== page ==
Virginia Woolf once said, “Every secret of a writer’s soul, every experience of his life, every quality of his mind, is written large in his works.” This is true of author Matt Galik, a lifetime Mokena resident whose home base has become more than a residence.
Galik has become in expert in Mokena’s history, making a career out of sharing the story of this Chicago south suburban town. The author of two books, Images of America: Mokena and The 1926 Orland Park Murder Mystery, Galik shares his take on writing with The Tidbit.
Tell is a bit about your background and what got you interested in writing?
I’ve long been a reader, pretty much my whole life I’d say. History has always been my topic, be it dinosaurs, then old monster movies, then later the American presidents and eventually into all things American and World history related. At some point while I was still really young, a light went on, something clicked that said I could move past the passive experience of reading and go into the active process of writing, too. I first began experimenting with writing when I was about 11 years old or so, and when I did that, it was like walking into another world, one where I could not only create, but actually be a part of the printed word.
What is your writing process like?
My writing process is kind of all over the place. First an idea sprouts in my head of something that’s worth writing about, and since I almost exclusively write about local history, it’ll come from something I’ve seen around town that reminds me of a certain historic event or person, or I’ll just be thinking about something that I’m really into or passionate about. Once the idea is there, sentences and phrases will spontaneously come to mind while I’m in the middle of doing something, and I have to stop to write them down in my phone, or else they’ll be gone. From there, I put them all into a Word document and kind of start mapping out the story. I then go in and flesh everything out in a few sittings, and before I know it, I’m finished. This is my usual process, it just varies in size depending on what it is I’m writing!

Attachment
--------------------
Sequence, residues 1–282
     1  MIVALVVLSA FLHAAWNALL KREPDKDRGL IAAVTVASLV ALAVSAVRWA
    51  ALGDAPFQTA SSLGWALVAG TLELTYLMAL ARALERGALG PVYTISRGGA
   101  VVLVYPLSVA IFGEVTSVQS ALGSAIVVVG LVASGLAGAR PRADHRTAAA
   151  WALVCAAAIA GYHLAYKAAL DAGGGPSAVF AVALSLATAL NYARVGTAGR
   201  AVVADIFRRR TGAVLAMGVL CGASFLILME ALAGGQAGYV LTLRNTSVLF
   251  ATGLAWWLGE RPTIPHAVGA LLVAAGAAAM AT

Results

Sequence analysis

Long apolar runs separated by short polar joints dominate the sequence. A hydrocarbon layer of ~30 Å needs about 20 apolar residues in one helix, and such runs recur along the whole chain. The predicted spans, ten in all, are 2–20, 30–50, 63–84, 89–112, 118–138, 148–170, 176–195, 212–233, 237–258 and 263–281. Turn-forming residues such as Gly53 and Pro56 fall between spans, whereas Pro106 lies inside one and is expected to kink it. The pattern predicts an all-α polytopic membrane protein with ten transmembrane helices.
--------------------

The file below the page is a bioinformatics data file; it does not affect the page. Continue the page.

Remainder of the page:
In your experience, what has been your process with writing and publishing books?
With my two books, I’ve been beyond lucky in that my publishers were already seeking what I had to offer, so I didn’t have to worry too much about winning them over. Nevertheless, it’s still quite a process to get a book published, and it got very stressful at times, especially in dealing with deadlines. With my last book, there was also some wrangling between my publisher and myself over what the title would ultimately be, so that got to be nerve-racking as well. Even though this stuff happens, I’d still say it was worth it in the end!
What are you working on now?
Right now I’m working on a project about the old village newspaper we had here in Mokena from 1919 to 1969, the News-Bulletin. It’s a solid source I come back to time and time again in my own research, and over the years I’ve come to fall in love with the way it was written, especially in the early years. The family that ran it pretty much the whole time were some of the most interesting people I’ve ever come to know in all my time of digging into Mokena’s past, and I want to immortalize them and their work with this “thing” I’m working on. I say “thing” because I’m not quite sure yet what form it’ll ultimately take; it’s way too long to be a regular article, but not quite book length. The way it looks, it’ll be published by the Will County Historical Society.
Any advice for people wanting to become writers, and writers looking to become authors?
I think this applies pretty well to both questions. I once heard some advice from the famous sci-fi author Ray Bradbury that really stuck with me, and has really served me well. It went something like, “Whatever it is that you’re writing about, never stop doing it.” It really moved me, and I’ve applied it to myself, and at this point I can look back at accomplishments that I never before thought possible.
Any additional info you’d like to share?
I just want to tell anyone that’s writing to keep doing it and keep experimenting, to find whatever their passion is, and to run with that in their writing!